Mining giant BHP (NYSE: BHP), as with most commodity companies, has been under a lot of pressure, as the ongoing weak global economy, concerns over Europe, and slowing growth in China, has investors concerned over the short - and mid-term growth prospects of the company.
A couple of major items have been weighing on the company. First is the recent announcement that the company won't be putting its money into growth projects, which it had originally expected to pour $80 billion into over the next five years.
Chairman Jacques Nasser said the $80 billion expansion proposed by CEO Marius Kloppers in 2011 won't be happening, although it isn't clear how much will go into expansion going forward.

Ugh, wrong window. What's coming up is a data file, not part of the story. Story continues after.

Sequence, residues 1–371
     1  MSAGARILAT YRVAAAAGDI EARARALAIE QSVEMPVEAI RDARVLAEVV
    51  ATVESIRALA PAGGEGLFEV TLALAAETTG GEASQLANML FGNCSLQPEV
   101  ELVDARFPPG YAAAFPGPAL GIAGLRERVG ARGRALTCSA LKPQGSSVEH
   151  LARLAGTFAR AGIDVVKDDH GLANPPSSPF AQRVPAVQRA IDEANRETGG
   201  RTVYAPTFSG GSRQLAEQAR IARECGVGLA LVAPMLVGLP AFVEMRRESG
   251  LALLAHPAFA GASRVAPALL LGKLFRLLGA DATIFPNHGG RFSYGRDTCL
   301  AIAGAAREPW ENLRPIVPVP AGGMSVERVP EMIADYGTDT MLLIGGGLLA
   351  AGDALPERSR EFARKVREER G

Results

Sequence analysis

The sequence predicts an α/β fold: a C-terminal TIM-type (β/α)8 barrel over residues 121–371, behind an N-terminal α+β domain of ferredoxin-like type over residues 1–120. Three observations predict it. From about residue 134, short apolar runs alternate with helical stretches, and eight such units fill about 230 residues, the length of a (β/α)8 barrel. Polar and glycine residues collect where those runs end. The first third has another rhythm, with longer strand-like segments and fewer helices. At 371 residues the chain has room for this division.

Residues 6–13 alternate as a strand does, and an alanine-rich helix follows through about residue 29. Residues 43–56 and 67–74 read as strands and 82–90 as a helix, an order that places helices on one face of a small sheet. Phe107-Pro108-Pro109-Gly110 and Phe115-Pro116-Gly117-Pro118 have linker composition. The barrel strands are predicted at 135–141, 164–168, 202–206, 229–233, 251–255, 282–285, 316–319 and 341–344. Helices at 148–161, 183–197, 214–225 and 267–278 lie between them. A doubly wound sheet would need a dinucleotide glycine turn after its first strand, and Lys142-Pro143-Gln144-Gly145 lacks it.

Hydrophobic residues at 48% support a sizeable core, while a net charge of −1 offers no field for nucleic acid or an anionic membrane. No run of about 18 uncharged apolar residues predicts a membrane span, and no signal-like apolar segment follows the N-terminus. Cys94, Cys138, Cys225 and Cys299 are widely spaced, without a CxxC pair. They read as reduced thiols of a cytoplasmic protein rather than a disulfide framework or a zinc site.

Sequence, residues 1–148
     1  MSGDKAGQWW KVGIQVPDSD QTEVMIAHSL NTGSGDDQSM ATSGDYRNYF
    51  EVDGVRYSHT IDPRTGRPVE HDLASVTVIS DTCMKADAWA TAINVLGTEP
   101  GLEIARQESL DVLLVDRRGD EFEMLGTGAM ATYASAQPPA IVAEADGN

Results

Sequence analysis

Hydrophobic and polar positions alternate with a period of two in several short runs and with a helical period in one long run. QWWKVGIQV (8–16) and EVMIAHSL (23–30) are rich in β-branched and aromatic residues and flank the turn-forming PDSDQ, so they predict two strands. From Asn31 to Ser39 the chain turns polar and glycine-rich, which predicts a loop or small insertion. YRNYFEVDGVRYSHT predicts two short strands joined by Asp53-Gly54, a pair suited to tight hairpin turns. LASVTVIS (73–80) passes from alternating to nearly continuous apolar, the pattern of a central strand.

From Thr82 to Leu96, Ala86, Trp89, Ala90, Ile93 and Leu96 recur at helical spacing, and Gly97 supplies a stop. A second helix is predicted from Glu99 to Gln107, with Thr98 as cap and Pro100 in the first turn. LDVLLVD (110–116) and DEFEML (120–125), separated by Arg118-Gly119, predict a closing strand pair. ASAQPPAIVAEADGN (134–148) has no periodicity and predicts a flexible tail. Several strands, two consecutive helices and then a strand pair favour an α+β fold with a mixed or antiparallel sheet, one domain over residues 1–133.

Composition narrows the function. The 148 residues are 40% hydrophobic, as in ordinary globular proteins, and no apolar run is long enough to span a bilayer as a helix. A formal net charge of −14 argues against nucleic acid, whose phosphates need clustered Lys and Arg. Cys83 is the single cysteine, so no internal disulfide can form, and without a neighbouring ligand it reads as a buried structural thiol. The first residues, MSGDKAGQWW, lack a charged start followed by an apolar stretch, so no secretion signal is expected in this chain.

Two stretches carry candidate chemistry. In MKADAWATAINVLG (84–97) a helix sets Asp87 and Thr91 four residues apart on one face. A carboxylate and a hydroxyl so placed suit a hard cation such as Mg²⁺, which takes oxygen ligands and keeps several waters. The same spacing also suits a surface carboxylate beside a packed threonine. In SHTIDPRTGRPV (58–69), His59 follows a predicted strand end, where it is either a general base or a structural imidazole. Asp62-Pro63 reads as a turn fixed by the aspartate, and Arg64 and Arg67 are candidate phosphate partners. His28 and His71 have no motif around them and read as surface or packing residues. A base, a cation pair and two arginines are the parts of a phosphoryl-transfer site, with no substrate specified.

Nasser added that he expects commodity markets to continue to weaken, as confidence in a global economic recovery deteriorates.
The second major challenges facing BHP is the uncertainty surrounding Olympic Dam project in Australia.
BHP wants to delay the development of the project, while the Australian government is threatening the company, as South Australian Premier Jay Weatherill, who appears clueless and emotionally driven, saying in the Australian National Affairs, May 25th edition, that the reasons given by BHP for the potential delay are "artificial."
This bizarre assessment appears to be completely politically motivated, as the reasons proffered by BHP are totally reasonable, and based upon market and economic conditions and nothing else.
BHP is wise and prudent in delaying the project, and the company surely won't jeopardize itself and shareholders to placate politicians.